Local officials say a Turkish strike in northern Iraq killed three Yazidi militiamen and wounded three others. The militia group, YBS, disputed that account saying none of its fighters were killed in the strike Tuesday, but that a shepherd died. According to the semi-autonomous Iraqi Kurdish government, the early morning strike in the district of Sinjar targeted a headquarters of the Shingal Resistance Units, or YBS. The head of the Sinjar Yazidi council, says the area targeted by Turkish drones was an abandoned Yazidi village where most of the houses had been previously destroyed by the militant Islamic State group.
President Joe Biden’s decision to allow allies to train Ukrainian forces on how to operate F-16 fighter jets — and eventually to provide the aircraft themselves — seemed like an abrupt change in position but was in fact one that came after months of internal debate and quiet talks with allies. Biden announced during last week’s Group of Seven summit in Japan that the U.S. would join the F-16 coalition. But over the past three months, administration officials shifted toward the view that it was time to provide Ukraine’s pilots with the training and aircraft needed for the country’s long-term security needs. This is according to two officials familiar with the deliberations.
A Texas militia member has been sentenced to nearly five years in prison for attacking police officers at the U.S. Capitol, seriously injuring one of them during a mob’s attack on Jan. 6, 2021. U.S. District Judge Randolph Moss on Friday sentenced 44-year-old Donald Hazard to four years and nine months in prison followed by three months of supervised release for his role in the riot. Hazard pleaded guilty to an assault charge in February. He was a member of a militia called the Patriot Boys of North Texas. After marching to the Capitol, Hazard grabbed a Capitol police officer and pulled him down a set of concrete steps, knocking him unconscious.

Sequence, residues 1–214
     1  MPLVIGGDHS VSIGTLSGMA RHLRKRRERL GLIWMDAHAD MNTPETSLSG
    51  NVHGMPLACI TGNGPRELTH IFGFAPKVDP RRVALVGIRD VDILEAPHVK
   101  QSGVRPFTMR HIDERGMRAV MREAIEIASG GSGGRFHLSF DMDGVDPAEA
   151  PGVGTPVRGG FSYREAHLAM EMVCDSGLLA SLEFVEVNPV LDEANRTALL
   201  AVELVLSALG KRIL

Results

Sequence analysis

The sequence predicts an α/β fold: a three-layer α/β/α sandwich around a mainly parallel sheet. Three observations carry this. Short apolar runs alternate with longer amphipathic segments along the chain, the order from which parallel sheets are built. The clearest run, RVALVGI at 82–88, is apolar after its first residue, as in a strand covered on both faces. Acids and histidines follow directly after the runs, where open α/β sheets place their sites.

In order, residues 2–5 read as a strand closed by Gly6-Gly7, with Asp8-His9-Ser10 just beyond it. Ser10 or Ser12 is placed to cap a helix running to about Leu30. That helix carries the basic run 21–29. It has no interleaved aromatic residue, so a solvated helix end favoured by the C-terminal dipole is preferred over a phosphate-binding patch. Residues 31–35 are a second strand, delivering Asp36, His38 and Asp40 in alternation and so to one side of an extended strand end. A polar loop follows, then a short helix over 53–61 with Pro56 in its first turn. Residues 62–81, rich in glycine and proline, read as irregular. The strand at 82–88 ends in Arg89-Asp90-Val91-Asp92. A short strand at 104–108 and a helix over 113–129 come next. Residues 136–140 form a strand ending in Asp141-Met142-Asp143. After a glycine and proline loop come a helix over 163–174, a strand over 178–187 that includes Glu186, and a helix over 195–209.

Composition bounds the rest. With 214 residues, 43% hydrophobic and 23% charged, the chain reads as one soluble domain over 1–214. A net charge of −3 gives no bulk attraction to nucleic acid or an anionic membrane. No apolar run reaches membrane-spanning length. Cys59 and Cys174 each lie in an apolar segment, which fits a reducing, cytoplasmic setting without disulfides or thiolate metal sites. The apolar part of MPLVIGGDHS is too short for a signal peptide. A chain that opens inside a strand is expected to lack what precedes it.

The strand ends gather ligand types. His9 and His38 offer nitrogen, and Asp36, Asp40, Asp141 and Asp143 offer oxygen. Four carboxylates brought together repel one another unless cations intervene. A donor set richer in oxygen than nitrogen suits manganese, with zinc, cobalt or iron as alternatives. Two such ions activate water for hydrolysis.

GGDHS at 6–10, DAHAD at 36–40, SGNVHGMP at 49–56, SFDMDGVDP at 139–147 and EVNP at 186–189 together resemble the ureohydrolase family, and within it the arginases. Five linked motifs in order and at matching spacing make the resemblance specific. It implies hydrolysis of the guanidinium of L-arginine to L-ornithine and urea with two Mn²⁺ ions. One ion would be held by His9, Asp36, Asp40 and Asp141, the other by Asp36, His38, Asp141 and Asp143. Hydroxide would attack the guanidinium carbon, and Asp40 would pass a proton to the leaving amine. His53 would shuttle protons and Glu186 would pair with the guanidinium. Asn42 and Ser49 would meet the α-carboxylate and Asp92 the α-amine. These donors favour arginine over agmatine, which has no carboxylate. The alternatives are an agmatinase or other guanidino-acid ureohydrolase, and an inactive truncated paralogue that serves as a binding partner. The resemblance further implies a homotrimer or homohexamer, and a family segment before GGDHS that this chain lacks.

The president and government of Austria are at odds over whether the country should offer Ukraine help with civilian demining, with the defense minister and a major opposition party pointing to concerns over the implications for Austrian military neutrality. President Alexander Van der Bellen, who is formally the military’s commander in chief but has no say over day-to-day policy, said he doesn’t understand why the government continues to hesitate on the issue. But the defense minister disagreed, saying that “the situation is currently so unclear that we are not in a position to be able to distinguish between humanitarian and military demining.”